"Did you ever see her injuries?" Tree asked.
"No, I did not," said Shepherd, who was called by the prosecution and appeared in court in a blue Weber County jail jumpsuit, with his hands and feet shackled.
Shepherd went to jail three weeks ago, when Judge Ernie Jones ordered the 22-year-old to serve the maximum sentence of 2 1/2 years in jail for his role in the swimmer's death. A jury found him guilty in December on three misdemeanor charges.
This week, the two other men who were on the boat that August day Colton Raines, 22, and Robert Cole Boyer, 30 are on trial.
All three were charged with class A misdemeanor obstructing justice. Raines and Shepherd also were charged with class A misdemeanor reckless endangerment and class B misdemeanor failure to render aid.
Shepherd testified that both he and Raines owned the boat that allegedly struck Fujimoto, a 49-year-old University of Utah medical researcher.
He testified that he still doesn't know whether the boat struck Fujimoto that day, or just got close to her.
"To my knowledge, to this day, we don't know if we hit her," Shepherd testified.
Shepherd said Raines was driving the boat when he swerved to the left because he had come close to a swimmer. Shepherd then took the wheel, and circled back to check on the person in the water.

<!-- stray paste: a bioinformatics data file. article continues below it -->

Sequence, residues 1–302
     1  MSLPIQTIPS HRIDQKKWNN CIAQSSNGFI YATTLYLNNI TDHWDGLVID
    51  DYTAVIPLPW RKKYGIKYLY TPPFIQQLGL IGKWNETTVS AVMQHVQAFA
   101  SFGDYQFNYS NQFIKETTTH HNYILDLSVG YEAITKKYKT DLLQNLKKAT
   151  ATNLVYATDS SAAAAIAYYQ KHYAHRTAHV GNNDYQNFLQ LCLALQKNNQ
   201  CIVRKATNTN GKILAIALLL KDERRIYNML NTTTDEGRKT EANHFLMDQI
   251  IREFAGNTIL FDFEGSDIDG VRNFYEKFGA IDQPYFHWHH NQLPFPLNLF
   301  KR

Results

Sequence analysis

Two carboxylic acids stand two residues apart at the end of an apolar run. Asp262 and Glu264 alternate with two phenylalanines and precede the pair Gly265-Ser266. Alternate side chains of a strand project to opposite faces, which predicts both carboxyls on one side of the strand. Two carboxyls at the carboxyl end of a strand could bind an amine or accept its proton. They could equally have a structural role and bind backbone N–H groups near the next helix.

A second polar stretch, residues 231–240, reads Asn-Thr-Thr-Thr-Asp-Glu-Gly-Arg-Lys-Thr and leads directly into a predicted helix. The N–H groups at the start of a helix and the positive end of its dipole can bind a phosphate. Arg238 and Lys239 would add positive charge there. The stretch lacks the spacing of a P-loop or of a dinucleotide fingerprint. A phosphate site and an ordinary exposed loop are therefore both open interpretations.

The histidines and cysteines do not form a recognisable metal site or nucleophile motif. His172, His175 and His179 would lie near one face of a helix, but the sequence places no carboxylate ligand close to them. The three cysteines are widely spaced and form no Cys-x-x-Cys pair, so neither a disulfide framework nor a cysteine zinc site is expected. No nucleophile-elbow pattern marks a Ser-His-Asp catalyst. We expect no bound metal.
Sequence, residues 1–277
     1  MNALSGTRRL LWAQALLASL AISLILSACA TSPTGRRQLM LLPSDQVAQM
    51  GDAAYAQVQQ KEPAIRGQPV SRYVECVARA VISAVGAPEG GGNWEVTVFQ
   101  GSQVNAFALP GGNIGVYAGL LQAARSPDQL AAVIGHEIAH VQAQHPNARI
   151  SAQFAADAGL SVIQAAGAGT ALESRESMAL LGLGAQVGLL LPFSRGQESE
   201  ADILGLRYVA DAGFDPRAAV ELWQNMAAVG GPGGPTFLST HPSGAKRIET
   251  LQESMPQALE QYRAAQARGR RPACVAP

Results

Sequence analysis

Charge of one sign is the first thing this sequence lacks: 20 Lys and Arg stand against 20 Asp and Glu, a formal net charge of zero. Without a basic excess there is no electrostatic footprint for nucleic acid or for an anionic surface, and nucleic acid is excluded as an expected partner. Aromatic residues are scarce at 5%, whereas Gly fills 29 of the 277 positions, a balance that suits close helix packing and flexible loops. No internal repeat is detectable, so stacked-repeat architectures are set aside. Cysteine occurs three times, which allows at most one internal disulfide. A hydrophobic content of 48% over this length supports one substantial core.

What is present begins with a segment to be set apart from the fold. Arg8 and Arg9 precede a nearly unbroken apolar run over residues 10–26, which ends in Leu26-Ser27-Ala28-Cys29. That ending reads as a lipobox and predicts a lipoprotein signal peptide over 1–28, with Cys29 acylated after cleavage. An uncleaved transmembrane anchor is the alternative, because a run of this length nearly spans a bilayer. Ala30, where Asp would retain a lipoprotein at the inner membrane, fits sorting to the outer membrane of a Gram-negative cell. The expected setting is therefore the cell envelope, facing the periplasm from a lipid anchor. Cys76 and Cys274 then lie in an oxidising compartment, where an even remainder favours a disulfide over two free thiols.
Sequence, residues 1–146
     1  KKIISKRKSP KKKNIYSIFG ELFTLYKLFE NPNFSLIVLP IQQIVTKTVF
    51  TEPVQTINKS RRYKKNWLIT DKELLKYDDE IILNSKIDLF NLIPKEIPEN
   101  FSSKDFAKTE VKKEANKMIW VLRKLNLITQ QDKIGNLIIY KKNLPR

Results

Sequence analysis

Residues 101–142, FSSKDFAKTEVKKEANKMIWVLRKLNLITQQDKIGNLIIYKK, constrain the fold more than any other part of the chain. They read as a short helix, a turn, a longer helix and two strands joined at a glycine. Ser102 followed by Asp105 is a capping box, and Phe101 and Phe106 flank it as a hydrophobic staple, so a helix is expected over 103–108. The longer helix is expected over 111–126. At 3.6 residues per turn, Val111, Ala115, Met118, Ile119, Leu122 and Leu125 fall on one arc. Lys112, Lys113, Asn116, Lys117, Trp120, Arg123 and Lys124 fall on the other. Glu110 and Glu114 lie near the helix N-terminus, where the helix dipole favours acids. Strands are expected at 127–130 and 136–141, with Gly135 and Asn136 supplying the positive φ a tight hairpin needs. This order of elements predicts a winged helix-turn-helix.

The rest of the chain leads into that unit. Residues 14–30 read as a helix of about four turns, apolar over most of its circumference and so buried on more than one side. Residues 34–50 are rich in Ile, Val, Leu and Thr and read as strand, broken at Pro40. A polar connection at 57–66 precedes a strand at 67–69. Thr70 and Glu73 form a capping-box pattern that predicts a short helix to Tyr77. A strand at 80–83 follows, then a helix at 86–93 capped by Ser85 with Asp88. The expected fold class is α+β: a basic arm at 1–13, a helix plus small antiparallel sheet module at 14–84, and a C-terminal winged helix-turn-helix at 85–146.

After asking her three times if she was OK, Shepherd said, she finally responded with a "yeah," and appeared agitated with the trio.
"At that point, like I said, I felt like I was scolded, so I put the boat in gear and left," he testified.
Chief Medical Examiner Dr. Todd Grey testified Tuesday that it was unlikely that Fujimoto would not have been aware that she was severely injured, or that she would have told the three men that she was OK.
"These injuries are deep," Grey said. "They are devastating. They would have been very painful."
Shepherd admitted on the stand that the three men had consumed alcohol that day, but said he was never impaired. He said he never saw Raines or Boyer smoke marijuana.
Kelsey Kuch, who was on the boat earlier in the day, testified that Raines brought a small pipe and marijuana to the lake that day. She said Raines smoked, but couldn't remember if Boyer did.
Prosecutors and investigators have alleged that the three men concocted a story about what they did on the lake that day, leaving out their run-in with the swimmer.
But Shepherd said Tuesday that was never the case.
"I [wasn't] trying to fabricate a story," he said. "I told them [Raines and Boyer] the story I would tell [to police.]"
Shepherd initially told investigators he knew nothing about the swimmer, but eventually came to their office with his attorney, Glen Neeley, and confessed about the encounter.
Raines and Boyer have never talked with police.
Defense attorneys Rebecca Skordas and Greg Skordas took issue with Shepherd's testimony on Tuesday before he even took the stand, saying they were never informed that Shepherd had agreed to testify until Tuesday morning.
After prosecutors offered Shepherd immunity for his testimony, Shepherd said he decided to testify because he wanted to tell the truth, and did not want to be charged with contempt of court or obstruction of justice for not testifying.
"I just want to do the right thing," Shepherd said Tuesday. "Be honest, tell the truth. But at the same time, I don't want any prosecution or felonies."
Shepherd indicated that he planned to appeal his sentence, but has not hired a lawyer to represent him in the appeal. On Tuesday, he was represented by public defender Shawn Young because Neeley resigned from the case after Shepherd was sentenced.
The trial is expected to resume on Thursday.